Saturday, February 15, 2014

a break from my previously scheduled break

TRIGGER ALERT: If you are sensitive to issues of childhood sexual abuse, please avoid this post. 

I'm still on a blogging break. I just needed to post this one. Also, I'm not using full names because I was reminded recently that google searches can bring attention to things you didn't plan for widespread consumption (I'll tell you that story another time, as it is much more cheerful than this one).

If you've been around awhile, you may remember that I wrote a post a couple of years ago about what it was like to be a survivor of sexual abuse while all of that mess at UPenn was happening, and how difficult it was to have it thrown in your face all the time. Guess what? Thank you, Mr. Famous Film Director (hereafter referred to as FFD), it's happening again.

I can't comment on their situation at all, because I don't know either of them and I have no idea what happened. Dylan is doing what she has to do, and I'm not going to judge or blame her for that. Although I've seen and enjoyed a couple of the FFD's films, I'm not a huge fan of his, and it means nothing to me to either go or not go to his films.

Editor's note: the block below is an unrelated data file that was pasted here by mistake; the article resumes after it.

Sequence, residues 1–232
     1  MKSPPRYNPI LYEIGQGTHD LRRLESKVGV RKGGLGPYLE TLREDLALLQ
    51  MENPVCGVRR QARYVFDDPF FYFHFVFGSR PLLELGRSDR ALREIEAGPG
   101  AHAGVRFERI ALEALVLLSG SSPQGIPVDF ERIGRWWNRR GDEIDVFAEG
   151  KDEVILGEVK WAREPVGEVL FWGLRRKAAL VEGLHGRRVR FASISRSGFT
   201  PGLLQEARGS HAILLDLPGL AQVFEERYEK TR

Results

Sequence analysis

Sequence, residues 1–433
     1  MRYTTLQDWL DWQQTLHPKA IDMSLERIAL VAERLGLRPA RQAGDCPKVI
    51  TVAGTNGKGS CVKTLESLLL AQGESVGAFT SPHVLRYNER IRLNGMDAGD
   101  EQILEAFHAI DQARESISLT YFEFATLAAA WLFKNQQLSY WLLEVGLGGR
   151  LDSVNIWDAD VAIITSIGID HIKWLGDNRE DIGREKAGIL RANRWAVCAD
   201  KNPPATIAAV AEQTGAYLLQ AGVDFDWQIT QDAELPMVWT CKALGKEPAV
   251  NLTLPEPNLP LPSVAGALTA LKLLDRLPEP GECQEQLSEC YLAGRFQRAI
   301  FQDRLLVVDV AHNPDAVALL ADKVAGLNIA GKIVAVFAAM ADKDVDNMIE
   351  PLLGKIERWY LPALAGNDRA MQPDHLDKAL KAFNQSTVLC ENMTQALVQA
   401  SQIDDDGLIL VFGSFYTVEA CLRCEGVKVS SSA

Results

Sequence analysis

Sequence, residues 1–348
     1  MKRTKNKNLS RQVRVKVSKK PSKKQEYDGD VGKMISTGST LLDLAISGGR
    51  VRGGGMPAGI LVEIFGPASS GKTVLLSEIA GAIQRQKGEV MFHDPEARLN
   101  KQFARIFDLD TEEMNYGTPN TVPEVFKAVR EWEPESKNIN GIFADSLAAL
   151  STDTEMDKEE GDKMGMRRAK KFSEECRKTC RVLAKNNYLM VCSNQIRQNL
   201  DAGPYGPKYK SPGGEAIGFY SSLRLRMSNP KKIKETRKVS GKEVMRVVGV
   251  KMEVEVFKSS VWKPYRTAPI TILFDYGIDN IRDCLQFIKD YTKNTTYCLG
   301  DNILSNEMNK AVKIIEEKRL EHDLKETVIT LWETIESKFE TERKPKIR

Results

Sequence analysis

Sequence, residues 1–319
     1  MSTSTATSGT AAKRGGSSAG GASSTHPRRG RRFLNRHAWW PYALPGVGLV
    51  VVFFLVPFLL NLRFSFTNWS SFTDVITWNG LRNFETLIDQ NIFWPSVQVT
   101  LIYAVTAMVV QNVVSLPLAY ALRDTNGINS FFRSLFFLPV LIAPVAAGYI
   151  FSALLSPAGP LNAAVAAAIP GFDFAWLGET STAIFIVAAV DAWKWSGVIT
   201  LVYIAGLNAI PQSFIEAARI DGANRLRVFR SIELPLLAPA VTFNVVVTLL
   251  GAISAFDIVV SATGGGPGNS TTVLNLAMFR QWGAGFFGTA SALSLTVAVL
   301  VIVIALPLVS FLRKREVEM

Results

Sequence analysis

But there are a few parallels to my own history and so I've been re-thinking some of my own decisions. Is it necessary to go public to heal? My abuser was also a public person, although on a miniscule stage compared to the FFD. It's a difficult call to make. If you say nothing, then (obviously) no one knows. There is a feeling that the perp is getting away with it. Or that you are letting your fear of confrontation impede your healing. But on the other hand, if you're a private person, making a public statement and causing a public scandal is its own kind of trauma. I'm a very private person, so I decided long ago that I would rather suffer in silence than try to make a big public statement about my abuse. 

I mean suffer literally. As Dylan has stated, it is enormously difficult to maintain your trust in your own perceptions, your own experience, when that experience is being denied again and again by the people around you, people who have no idea what happened, but who respect and admire the perpetrator.

Let me back up a little bit. There were certain aspects of my abuse that I was aware of throughout my childhood and up into my twenties. When I was about thirty, I had one of those "repressed memory" situations where I "remembered" some further, more explicit abuse. I've never been able to determine in my own mind how much of that other, more specific abuse actually occurred-- I was very young at the time, maybe about four or five, and the memories are hazy at best.